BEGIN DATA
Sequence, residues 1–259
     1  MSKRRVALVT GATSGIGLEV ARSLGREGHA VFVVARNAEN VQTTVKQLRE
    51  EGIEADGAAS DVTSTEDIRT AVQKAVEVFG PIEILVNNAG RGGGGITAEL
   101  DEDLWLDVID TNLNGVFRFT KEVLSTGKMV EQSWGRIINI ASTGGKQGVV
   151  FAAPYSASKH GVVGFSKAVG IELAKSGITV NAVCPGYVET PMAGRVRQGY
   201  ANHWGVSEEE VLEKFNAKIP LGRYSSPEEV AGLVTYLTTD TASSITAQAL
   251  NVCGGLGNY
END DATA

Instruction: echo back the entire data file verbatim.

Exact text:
Sequence, residues 1–259
     1  MSKRRVALVT GATSGIGLEV ARSLGREGHA VFVVARNAEN VQTTVKQLRE
    51  EGIEADGAAS DVTSTEDIRT AVQKAVEVFG PIEILVNNAG RGGGGITAEL
   101  DEDLWLDVID TNLNGVFRFT KEVLSTGKMV EQSWGRIINI ASTGGKQGVV
   151  FAAPYSASKH GVVGFSKAVG IELAKSGITV NAVCPGYVET PMAGRVRQGY
   201  ANHWGVSEEE VLEKFNAKIP LGRYSSPEEV AGLVTYLTTD TASSITAQAL
   251  NVCGGLGNY